There were a few more whispers- “This girl’s gone mad”, “This Meenal can very well be a thief”, “What’s with this one now?” I couldn’t care less. At least this girl made me realize that there was something more to life than video games and gaming laptops. There were much less fortunate girls and boys of my age, crippled by the hardships of life. Of course, mom wouldn’t scold me for helping someone, I hoped then. My only priority at that moment was to make Meenal comfortable till mom was back. But as we were walking to the building, I noticed that we had followers. Cool. So, keeping apart the narrow minded fools who put everything on poor God’s shoulders, there are still people who can see the pain of others…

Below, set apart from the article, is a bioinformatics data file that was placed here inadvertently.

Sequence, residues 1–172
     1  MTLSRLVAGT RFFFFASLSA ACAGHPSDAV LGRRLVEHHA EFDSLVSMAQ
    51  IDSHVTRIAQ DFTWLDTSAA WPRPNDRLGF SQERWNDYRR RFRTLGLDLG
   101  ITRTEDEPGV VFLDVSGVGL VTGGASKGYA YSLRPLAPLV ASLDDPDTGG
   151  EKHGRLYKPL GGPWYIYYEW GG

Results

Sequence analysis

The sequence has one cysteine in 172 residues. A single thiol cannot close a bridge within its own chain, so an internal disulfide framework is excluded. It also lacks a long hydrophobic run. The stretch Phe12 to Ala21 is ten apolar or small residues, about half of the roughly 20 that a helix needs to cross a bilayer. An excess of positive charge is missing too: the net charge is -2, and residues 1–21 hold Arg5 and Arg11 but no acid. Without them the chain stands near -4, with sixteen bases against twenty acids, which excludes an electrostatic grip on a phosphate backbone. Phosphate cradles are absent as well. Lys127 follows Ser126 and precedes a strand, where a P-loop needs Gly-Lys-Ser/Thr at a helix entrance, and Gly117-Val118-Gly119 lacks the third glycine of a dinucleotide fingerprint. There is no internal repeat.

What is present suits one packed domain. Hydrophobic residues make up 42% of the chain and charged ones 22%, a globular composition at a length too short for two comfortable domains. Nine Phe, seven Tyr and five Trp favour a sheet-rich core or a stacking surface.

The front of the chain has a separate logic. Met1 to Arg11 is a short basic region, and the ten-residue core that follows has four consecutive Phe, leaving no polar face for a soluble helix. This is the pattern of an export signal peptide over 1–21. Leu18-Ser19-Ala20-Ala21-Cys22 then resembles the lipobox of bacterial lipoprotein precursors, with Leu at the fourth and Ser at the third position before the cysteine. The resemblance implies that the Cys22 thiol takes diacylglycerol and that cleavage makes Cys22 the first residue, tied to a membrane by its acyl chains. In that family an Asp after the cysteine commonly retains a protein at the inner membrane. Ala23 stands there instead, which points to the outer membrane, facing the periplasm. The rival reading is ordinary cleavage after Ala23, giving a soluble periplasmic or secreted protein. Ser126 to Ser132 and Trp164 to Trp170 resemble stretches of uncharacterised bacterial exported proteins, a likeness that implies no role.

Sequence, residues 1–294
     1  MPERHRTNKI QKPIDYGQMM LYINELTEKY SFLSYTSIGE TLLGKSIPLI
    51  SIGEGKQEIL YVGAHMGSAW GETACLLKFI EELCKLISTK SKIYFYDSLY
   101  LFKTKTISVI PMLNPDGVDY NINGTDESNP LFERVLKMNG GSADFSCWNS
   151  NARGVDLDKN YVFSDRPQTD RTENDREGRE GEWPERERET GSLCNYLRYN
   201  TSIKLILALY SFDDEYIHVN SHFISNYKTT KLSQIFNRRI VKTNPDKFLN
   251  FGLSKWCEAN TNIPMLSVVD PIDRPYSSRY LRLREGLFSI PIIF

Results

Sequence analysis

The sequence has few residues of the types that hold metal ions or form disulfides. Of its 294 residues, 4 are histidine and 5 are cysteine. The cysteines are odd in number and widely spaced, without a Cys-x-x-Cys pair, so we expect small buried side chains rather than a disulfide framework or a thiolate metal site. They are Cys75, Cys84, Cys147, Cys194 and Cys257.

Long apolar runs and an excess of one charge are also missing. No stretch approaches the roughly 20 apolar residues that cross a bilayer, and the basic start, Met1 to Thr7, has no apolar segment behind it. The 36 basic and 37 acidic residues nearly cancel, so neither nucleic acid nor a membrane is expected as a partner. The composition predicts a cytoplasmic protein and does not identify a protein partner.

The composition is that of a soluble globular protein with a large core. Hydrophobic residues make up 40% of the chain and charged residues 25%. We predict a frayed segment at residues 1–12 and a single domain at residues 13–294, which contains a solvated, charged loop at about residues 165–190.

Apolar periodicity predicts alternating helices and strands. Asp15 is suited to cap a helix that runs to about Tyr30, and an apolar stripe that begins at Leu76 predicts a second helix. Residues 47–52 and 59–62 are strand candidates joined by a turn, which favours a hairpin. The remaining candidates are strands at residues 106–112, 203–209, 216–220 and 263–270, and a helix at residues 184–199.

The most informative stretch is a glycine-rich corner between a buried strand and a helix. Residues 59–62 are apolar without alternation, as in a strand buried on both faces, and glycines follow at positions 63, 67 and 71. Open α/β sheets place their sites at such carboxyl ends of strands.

There was a small crowd at my apartment that night, where a few hours ago, it was just me and my video games. We didn’t sleep that night. We fed her, she washed and changed and we talked to her, more about herself. At the crack of dawn, there came the van, someone had arranged the previous night. A few grownups went with her to admit her to the orphanage nearby. As Meenal entered the van, she turned back and smiled at me. At that moment, I felt that nothing was more beautiful than that sweet curve which fought its way through tears of love and gratitude. It said everything. How grateful she was to me and the others, for not letting her to be a victim of violence or maybe, death…